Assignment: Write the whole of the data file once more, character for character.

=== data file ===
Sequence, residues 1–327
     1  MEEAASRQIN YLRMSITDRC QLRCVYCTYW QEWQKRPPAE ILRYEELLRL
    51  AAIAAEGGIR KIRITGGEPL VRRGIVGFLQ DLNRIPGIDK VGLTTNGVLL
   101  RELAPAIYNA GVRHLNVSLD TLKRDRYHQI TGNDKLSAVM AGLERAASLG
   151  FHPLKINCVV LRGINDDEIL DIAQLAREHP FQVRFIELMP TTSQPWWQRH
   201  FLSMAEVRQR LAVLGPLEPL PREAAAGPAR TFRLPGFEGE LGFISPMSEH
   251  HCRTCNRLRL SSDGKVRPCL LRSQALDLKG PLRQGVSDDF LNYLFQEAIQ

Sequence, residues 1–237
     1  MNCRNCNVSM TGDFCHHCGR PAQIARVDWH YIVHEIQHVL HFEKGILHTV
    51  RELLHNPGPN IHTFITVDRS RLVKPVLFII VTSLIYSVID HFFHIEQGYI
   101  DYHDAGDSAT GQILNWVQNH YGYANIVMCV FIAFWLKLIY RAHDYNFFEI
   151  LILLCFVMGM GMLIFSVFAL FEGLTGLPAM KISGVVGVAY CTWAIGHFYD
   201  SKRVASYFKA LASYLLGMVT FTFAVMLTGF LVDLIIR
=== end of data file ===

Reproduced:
Sequence, residues 1–327
     1  MEEAASRQIN YLRMSITDRC QLRCVYCTYW QEWQKRPPAE ILRYEELLRL
    51  AAIAAEGGIR KIRITGGEPL VRRGIVGFLQ DLNRIPGIDK VGLTTNGVLL
   101  RELAPAIYNA GVRHLNVSLD TLKRDRYHQI TGNDKLSAVM AGLERAASLG
   151  FHPLKINCVV LRGINDDEIL DIAQLAREHP FQVRFIELMP TTSQPWWQRH
   201  FLSMAEVRQR LAVLGPLEPL PREAAAGPAR TFRLPGFEGE LGFISPMSEH
   251  HCRTCNRLRL SSDGKVRPCL LRSQALDLKG PLRQGVSDDF LNYLFQEAIQ

Sequence, residues 1–237
     1  MNCRNCNVSM TGDFCHHCGR PAQIARVDWH YIVHEIQHVL HFEKGILHTV
    51  RELLHNPGPN IHTFITVDRS RLVKPVLFII VTSLIYSVID HFFHIEQGYI
   101  DYHDAGDSAT GQILNWVQNH YGYANIVMCV FIAFWLKLIY RAHDYNFFEI
   151  LILLCFVMGM GMLIFSVFAL FEGLTGLPAM KISGVVGVAY CTWAIGHFYD
   201  SKRVASYFKA LASYLLGMVT FTFAVMLTGF LVDLIIR